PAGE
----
I was born in Louisville, Kentucky, on December 29, 1945. I grew up in Middletown, 15 miles east of Louisville. School began for me in the fall of 1952. I hated school, everything about it. My first grade teacher grabbed me by the shoulders and shook me because I tried to work a puzzle that was too hard for me without first asking. She was a bitch! She had 2 huge dogs, which she prized, and maybe that is why I hate dogs to this day. Anyway, I went through grade school and high school without opening my mouth. I sat and waited for the bell to ring at 3 o'clock so I could go home and listen to rock n roll on my small turntable. I bought Elvis Presley and Ricky Nelson. Only in my senior year did I find a means of expressing myself. It was 1964, the year of The Beatles, and I latched on to them. I looked in the mirror and saw John Lennon. If I had no talent and was too lazy to work, at least I could grow my hair. My hair became my vocation as I sat up half the night trying to write songs. My mother drug me out of bed each morning. She was determined that I would graduate. I strolled through commencement like a zombie in that silly cap and gown. The cap crushed my Beatle hairdo. Thank God it was over!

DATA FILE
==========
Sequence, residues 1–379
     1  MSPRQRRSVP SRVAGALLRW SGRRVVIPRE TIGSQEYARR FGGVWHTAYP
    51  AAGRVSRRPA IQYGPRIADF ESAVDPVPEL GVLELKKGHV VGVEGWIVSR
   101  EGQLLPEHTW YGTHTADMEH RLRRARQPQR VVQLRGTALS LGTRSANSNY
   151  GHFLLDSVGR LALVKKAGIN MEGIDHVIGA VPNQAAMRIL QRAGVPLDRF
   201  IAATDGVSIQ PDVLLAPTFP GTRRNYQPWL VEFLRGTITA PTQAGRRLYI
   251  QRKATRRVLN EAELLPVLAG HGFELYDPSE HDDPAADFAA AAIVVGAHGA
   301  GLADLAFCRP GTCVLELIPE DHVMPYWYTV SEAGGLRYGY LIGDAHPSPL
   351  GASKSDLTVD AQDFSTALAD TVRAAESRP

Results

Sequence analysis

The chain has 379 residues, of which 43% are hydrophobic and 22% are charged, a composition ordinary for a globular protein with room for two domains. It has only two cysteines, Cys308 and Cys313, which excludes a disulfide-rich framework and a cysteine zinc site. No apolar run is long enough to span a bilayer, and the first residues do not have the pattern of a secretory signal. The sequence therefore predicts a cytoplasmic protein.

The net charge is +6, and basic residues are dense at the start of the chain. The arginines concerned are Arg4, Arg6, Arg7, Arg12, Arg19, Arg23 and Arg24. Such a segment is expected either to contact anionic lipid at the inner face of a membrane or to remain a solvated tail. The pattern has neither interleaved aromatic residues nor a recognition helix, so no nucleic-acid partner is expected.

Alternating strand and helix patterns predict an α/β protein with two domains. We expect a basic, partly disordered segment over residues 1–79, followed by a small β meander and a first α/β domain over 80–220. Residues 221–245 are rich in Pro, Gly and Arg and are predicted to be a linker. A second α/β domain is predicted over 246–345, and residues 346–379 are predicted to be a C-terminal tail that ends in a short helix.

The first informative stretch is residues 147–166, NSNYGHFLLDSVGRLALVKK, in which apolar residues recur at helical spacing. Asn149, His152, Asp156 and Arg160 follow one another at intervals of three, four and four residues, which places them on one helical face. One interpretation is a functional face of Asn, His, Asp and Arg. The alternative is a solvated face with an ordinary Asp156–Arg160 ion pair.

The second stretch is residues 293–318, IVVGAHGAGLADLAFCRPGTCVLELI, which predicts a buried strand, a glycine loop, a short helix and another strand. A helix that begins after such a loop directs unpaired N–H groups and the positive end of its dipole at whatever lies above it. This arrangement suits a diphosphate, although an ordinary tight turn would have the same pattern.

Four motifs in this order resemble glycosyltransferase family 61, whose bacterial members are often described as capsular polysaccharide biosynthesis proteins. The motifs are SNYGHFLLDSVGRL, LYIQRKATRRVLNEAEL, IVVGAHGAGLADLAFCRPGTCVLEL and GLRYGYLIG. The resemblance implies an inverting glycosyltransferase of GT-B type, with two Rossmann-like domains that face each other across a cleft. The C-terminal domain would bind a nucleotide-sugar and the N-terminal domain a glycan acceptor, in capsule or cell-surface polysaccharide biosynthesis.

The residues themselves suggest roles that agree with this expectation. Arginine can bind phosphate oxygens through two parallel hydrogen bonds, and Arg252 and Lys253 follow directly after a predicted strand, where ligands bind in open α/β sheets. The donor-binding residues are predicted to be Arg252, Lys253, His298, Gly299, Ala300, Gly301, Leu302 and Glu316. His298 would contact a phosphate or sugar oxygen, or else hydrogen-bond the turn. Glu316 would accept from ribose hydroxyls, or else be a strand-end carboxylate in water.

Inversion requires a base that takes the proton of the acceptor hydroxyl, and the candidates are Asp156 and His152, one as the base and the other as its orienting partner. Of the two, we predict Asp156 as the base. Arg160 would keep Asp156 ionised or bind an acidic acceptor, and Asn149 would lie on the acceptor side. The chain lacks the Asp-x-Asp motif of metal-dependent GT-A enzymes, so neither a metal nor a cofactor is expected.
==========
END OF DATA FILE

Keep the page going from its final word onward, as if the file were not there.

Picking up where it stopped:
Little did I know, it was only beginning! President Kennedy was assassinated during my senior year. This set off a chaotic chain of events which took 15 years to run its course. The Vietnam War, race riots, illegal drugs, religious fanaticism, women's liberation, homosexuality and the political corruption of Watergate piled wave upon wave. I plowed through my 20s. I got an Associate degree from Lindsey Wilson College in central Kentucky in 1967. I was majoring in English. For the first time, I was taking an interest in literature. I was reading novels and grappling with European history. I thirsted for knowledge. I was eligible for the draft and like other young men, confused about Vietnam. The war made no sense! Nor did the draft. We were told we were in Vietnam to contain Communism. I had trouble understanding what a Communist was. No man could look at another and recognize him as a Communist. The isolated geography of Vietnam was a problem. It lay behind the Philippines on the map. It did not jut out like the Korean peninsula. It was hard to get to and hard to defend. The draft could not be justified. Something in me was saying no man had the right to take another man off the street and put him in a war against his will. Nevertheless, the draft was real. You went when you were called or risked the chance of being sent to prison. After getting a third year of college, my draft papers came. My education was without direction, and I went into the army in October, 1969. I took basic training at Fort Knox, Kentucky. After advanced training in radio school, I received orders for Germany. I recall standing in formation and looking at those orders. What a relief! By 1970, most of America had turned against the war, and Richard Nixon was slowly pulling troops out. Vietnam was becoming something people wanted to forget. I set out for Germany. I had studied German for 2 semesters and knew a few words. Once in Frankfurt, I found that the prostitutes spoke fluent English. I avoided them. I was thinking of the girl I left behind. I knew it was over but consoled myself with false hope. I did not care for Germany. It was dark and depressing. Buildings were drab. It was like going back to the Middle Ages. I ended up in a nuclear platoon. Over my head! German beer was potent, and I drank too much. By the time I received my discharge, America had changed. Hippie life had become a norm for young people. A grass roots religious movement was sweeping the country as baby boomers searched for answers in the aftermath of war. They looked to Buddhism and various forms of mysticism. Cults sprang up, and I got involved with Jesus freaks. We attended a Pentecostal church, spoke in tongues and wrote gospel songs. "Jesus Paid My Debt" came from that period and to this day, I regard the essence of the New Testament as ultimate reality.